In this short interview, Dr. Blake Ratner, Director General of WorldFish, explains why gender equity research is an important part of the organization’s work to strengthen livelihoods by improving fisheries and aquaculture.
For many generations, farmers in the coastal south of Bangladesh have engaged in gher farming, where an aquaculture pond is dug into a rice field and the surrounding banks are used for vegetable cultivation.
Between 27% and 39% of the global fish catch is being wasted each year, but the impact of these losses is most felt by the poor in developing countries. Froukje Kruijssen, a senior advisor at the Royal Tropical Institute in Amsterdam and a value chain consultant to WorldFish, explains why the poor are so vulnerable to postharvest losses and what WorldFish is doing about it.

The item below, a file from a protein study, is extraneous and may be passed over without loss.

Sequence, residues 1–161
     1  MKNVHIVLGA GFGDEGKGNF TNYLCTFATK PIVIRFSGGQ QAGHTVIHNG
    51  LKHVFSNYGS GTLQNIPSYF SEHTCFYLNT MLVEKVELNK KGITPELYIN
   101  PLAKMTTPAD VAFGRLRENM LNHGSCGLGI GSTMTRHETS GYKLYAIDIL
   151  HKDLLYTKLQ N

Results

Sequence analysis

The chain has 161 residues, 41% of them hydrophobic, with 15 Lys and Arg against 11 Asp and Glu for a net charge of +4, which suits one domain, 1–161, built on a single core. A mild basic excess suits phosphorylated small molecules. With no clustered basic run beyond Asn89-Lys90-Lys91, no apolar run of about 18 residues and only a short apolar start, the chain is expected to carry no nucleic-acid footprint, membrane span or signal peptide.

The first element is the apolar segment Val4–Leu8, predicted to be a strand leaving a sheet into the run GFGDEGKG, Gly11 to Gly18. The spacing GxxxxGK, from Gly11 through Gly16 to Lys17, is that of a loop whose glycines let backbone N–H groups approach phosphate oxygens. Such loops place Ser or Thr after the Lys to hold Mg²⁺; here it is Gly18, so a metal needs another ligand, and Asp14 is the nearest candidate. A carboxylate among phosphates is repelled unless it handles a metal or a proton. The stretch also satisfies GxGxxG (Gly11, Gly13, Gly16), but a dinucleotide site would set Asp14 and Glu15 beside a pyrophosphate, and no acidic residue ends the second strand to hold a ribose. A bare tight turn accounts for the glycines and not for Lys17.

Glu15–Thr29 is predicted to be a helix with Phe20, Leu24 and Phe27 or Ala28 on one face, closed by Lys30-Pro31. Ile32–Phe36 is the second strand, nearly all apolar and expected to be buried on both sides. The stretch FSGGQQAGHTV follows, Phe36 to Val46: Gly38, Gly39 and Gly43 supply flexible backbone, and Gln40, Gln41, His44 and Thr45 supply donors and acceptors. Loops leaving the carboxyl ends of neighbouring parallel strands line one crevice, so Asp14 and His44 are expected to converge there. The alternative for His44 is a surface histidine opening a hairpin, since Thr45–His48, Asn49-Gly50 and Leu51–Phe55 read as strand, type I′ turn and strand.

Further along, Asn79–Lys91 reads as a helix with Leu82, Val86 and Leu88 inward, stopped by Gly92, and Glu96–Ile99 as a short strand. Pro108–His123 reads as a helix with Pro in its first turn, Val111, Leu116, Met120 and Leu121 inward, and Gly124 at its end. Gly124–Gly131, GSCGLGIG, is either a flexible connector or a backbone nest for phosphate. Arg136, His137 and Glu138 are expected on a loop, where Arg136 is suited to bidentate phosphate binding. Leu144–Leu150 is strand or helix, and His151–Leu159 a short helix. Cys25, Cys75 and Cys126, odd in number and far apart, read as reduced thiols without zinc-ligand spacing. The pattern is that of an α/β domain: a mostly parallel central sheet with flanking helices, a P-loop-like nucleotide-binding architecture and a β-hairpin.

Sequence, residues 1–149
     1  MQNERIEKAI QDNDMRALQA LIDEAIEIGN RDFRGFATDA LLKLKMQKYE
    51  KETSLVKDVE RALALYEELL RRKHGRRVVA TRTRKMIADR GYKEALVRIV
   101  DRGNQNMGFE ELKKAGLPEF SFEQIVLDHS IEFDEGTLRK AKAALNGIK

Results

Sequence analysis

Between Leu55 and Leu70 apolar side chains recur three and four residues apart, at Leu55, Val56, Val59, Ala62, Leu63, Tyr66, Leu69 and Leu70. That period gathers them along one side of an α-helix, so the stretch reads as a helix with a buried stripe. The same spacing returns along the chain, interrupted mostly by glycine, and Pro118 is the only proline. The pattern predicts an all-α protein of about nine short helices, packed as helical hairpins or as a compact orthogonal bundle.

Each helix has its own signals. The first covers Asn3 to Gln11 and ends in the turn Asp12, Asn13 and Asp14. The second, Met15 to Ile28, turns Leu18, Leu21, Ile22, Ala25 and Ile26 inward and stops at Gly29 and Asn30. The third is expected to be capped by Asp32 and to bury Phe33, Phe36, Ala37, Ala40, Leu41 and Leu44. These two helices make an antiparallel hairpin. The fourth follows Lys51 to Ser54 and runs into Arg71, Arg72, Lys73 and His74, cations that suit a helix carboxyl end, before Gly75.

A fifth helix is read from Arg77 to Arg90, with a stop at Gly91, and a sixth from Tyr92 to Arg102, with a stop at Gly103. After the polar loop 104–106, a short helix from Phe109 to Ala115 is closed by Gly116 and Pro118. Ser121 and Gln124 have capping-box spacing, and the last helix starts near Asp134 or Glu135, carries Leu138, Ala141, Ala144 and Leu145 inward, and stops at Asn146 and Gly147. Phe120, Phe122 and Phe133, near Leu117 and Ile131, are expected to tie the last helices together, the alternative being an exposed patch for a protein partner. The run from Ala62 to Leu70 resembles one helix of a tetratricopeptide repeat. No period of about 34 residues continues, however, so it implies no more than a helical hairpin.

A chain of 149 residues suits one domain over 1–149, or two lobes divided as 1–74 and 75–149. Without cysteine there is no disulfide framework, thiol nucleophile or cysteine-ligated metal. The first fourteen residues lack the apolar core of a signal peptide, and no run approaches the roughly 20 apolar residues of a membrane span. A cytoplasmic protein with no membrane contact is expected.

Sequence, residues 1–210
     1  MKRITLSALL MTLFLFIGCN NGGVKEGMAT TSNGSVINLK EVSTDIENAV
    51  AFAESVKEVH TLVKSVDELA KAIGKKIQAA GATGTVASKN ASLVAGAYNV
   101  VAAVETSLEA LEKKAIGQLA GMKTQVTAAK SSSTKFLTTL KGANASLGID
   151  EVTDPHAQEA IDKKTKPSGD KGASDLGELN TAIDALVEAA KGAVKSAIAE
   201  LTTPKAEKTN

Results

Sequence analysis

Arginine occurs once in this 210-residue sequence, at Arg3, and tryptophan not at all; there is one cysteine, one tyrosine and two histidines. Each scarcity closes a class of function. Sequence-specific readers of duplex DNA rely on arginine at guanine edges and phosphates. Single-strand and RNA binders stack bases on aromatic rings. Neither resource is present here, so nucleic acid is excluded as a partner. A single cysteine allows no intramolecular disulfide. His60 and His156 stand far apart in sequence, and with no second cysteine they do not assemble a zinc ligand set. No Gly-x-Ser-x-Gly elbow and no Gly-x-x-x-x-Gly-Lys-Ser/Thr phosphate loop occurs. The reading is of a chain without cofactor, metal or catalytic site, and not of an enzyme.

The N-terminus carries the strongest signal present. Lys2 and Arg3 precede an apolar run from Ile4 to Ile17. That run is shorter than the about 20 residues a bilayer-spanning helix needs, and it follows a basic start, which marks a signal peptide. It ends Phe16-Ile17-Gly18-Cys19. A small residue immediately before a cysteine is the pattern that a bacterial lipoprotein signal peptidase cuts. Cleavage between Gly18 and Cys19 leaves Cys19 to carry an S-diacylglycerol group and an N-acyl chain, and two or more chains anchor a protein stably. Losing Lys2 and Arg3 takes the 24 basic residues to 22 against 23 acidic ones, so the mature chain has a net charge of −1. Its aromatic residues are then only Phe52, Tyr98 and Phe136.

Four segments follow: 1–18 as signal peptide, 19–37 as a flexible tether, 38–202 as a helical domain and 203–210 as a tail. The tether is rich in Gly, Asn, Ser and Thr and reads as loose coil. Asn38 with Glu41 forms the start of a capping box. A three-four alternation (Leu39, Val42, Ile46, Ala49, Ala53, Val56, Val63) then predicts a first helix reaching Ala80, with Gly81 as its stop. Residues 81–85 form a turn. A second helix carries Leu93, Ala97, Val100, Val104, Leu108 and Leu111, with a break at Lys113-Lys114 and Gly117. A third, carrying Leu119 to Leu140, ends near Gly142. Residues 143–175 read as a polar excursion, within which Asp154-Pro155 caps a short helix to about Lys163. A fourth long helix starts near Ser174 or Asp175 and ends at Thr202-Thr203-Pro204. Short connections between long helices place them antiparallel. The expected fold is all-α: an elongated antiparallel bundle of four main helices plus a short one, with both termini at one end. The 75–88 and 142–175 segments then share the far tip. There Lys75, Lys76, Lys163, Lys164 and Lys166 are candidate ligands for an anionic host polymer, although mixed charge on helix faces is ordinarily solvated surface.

To help rural farmers access information about aquaculture, the USAID-funded Aquaculture for Income and Nutrition (AIN) project has trained fish feed and seed suppliers to become local service providers (LSP). Since 2015, over 1275 individuals have started operating as LSPs, by giving free training and consultations to local farmers in Bangladesh.
Every year during the hilsa breeding months, normally September and October, it is illegal to catch juvenile or mother hilsa, the national fish of Bangladesh. To help poor and rural fishing families comply and cope with the ban, the USAID-funded ECOFishBD project provides training and support to fishing families to farm fish in homestead ponds, grow vegetables for home consumption and form savings groups.